Date: Wed, 16 Jun 2010 17:10:40 +0000
Reply-To: DCHAS-L Discussion List <DCHAS-L**At_Symbol_Here**LIST.UVM.EDU>
Sender: DCHAS-L Discussion List <DCHAS-L**At_Symbol_Here**LIST.UVM.EDU>
From: "George D. McCallion" <medchem**At_Symbol_Here**COMCAST.NET>
Subject: Re: Peroxide formers
In-Reply-To: <4A4DBA32095D8F4B8691764CCD57758806247CAE**At_Symbol_Here**>
< div style='font-family: Arial; font-size: 12pt; color: #000000'>

Absolu tely! The reason for an inhibitor is to limit the peroxide formation. As al ways, test for peroxides whenever handling ethers (such as MtBE, THF, and D iethyl name a few).




George D. McCallion
Chemist III
Chemical Process Research & Developm ent
Johnson Matthey Pharmaceutical Materials
2003 Nolte Drive
West Deptford, NJ 08066-1742
Voice: 856.384.7255
Fax: 856.384.7186
E-M ail: mccalgd**At_Symbol_Here**


----- Original Message -----
From: "Amy Carr Johnson" <amy_joh nson**At_Symbol_Here**HARVARD.EDU>
To: DCHAS-L**At_Symbol_Here**LIST.UVM.EDU
Sent: Wednesday, June 1 6, 2010 11:57:46 AM GMT -05:00 US/Canada Eastern
Subject: [DCHAS-L] Pero xide formers

I have been asked whether eth yl ether's peroxide-forming properties are affected if the ether is anhydro us. Any Chemists out there?

From: DCHAS-L Discussion List <DCHAS -L**At_Symbol_Here**>
To: DCHAS-L**At_Symbol_Here**LIST.UVM.EDU <DCHAS-L**At_Symbol_Here**LIST.UV M.EDU>
Sent: Wed Jun 16 11:23:23 2010
Subject: Re: [DCHAS-L] Syringe Disposal

et al,
There's a difference between syringes/hypodermic needles for any medicinal purpose and similar ones which cannot have come into contact with human/animal bod y fluids.
There's necessarily a real concern about transmissio n of blood-borne pathogens from medically-used hypodermic needles and that' s why for political and public health reasons we have "Universal Precaution s" which always were common sense anyway for medically-used syringes/hypode rmic needles.  Some of these blood-borne pathogens are deadly and no i nnocent person coming across them on a beach or as a custodian in an airpor t or educational institution or elsewhere should get a life-threatening med ical condition because they were just enjoying the beach or doing their job .  There are methods described for proper disposal of such hypodermic needles.  I'd suggest anyone interested go to the CDC website and look under "Universal Precautions" and "Medical Waste" for more information.
For syringes and needles that have been used for laboratory purp oses and have not been in contact with human or animal body fluids , then from a physician/medical toxicologist perspective, if you throw them in the regular trash, someone who is prone to self-inject illicit drugs in travenously or otherwise might come across them and the conditions of steri lity (and what chemical residuals may still be in syringes) are rather universally ignored.  Even if they are syringes without needles, they could be diverted.  Better to incinerate the whole hootenany or deal with medical waste however your institution does it "in compliance wit h all federal, state, and local regulations" in "MSDS-Speak".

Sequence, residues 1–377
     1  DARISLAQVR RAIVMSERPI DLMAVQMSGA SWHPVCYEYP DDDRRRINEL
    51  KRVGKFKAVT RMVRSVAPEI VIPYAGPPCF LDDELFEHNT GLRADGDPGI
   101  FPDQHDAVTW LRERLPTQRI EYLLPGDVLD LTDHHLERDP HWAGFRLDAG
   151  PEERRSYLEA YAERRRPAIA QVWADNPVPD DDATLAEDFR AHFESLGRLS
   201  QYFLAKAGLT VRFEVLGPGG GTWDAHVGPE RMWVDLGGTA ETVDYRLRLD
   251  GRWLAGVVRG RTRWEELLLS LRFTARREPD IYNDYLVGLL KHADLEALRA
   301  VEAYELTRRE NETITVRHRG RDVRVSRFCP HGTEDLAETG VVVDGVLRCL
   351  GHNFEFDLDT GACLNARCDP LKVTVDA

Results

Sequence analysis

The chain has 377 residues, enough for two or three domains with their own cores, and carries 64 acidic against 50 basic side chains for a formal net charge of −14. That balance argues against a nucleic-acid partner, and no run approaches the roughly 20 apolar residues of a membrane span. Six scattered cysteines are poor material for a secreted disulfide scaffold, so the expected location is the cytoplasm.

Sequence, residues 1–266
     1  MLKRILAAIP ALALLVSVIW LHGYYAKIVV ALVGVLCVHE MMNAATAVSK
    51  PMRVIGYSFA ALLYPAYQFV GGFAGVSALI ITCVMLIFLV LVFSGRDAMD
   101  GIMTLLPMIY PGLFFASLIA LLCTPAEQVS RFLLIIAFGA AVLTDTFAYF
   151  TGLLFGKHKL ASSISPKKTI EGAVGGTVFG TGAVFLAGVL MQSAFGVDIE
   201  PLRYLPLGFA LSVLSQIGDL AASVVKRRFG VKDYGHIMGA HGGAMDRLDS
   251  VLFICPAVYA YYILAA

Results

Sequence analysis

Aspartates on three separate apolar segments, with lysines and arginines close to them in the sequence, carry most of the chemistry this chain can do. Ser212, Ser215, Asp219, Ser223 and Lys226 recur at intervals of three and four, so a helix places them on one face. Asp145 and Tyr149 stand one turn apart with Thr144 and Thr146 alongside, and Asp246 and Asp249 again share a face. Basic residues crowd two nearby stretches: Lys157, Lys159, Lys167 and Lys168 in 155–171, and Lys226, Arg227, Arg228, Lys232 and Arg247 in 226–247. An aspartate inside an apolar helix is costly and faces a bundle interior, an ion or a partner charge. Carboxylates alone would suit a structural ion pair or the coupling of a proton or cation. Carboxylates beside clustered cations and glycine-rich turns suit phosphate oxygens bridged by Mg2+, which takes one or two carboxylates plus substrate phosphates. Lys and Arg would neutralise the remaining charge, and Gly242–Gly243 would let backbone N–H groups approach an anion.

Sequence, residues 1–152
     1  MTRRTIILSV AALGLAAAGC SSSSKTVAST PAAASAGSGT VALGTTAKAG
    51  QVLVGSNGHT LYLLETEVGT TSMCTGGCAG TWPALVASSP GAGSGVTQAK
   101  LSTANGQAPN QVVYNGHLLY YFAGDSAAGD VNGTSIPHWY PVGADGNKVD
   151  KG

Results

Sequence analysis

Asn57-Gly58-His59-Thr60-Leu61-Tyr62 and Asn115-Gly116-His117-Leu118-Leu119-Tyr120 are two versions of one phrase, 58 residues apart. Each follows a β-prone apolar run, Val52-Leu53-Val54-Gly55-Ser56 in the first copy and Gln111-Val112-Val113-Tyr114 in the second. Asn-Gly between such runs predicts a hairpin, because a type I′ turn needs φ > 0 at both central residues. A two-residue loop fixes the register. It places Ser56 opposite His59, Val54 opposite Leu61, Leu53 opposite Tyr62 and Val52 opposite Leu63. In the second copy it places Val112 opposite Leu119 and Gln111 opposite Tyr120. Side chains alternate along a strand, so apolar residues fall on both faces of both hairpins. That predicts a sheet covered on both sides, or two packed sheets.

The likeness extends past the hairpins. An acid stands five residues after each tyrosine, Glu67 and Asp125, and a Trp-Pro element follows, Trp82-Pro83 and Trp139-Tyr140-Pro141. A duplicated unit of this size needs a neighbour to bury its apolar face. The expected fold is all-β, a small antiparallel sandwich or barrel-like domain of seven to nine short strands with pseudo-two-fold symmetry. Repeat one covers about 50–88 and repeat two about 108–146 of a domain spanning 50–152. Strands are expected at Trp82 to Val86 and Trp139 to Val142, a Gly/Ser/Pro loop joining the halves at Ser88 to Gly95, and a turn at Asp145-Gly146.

Alan H. Hall, M.D.
Medical Toxicologist

 < BR>
Date: Wed, 16 Jun 2010 07:56:13 -0700
From: russell.vernon**At_Symbol_Here**UCR.EDU
Su bject: Re: [DCHAS-L] Syringe Disposal
To: DCHAS-L**At_Symbol_Here**LIST.UVM.EDU

In California the legislature in its infinite wisdom (under t he influence of the tourism industry) declared all unwanted hypodermic need les as =E2=80=98medical waste=E2=80=99 no matter what they have or have not been used to do


This after bags of medical waste washed up on beaches in San Diego after they were discarded from cruise ships=E2=80=A6





Russell Vernon, Ph.D. 
< /U>
(951) 827-5119

From: DCHAS-L Discussion List [mailto:DCHAS-L**At_Symbol_Here**list.] On Behalf Of Williams, Mark
Sent: Tuesday, June 1 5, 2010 9:07 AM
To: DCHAS-L**At_Symbol_Here**LIST.UVM.EDU
Subject: [DCHA S-L] Syringe Disposal


Hi All,

We use syringes to deliver solvents. Some of the syringes have needles, some do not. None contain any biohazardous substance, but the sol vents would be hazardous waste if disposed of.

*For syringes without needles, if they are empty when disposed of, can we consider each syringe to be a RCRA empty container and throw th em in the regular trash?

*What about empty, non-biohazardous syringes with needl es?

I have done a little searching on this issue, but have not com e up with definitive guidance.

Thank you



Mark Williams


From: DCHAS-L Discussion List [mailto:DCHAS-L**At_Symbol_Here**list.] On Behalf Of DCHAS-L automatic digest system
Sent: Tuesday, June 15, 2010 12:01 AM
To: DCHAS-L**At_Symbol_Here**LIST.UVM.EDU
Subject: DCHAS-L Digest - 13 Jun 2010 to 14 Jun 2010 (#2010-144)



Previous post   |  Top of Page   |   Next post

The content of this page reflects the personal opinion(s) of the author(s) only, not the American Chemical Society, ILPI, Safety Emporium, or any other party. Use of any information on this page is at the reader's own risk. Unauthorized reproduction of these materials is prohibited. Send questions/comments about the archive to
The maintenance and hosting of the DCHAS-L archive is provided through the generous support of Safety Emporium.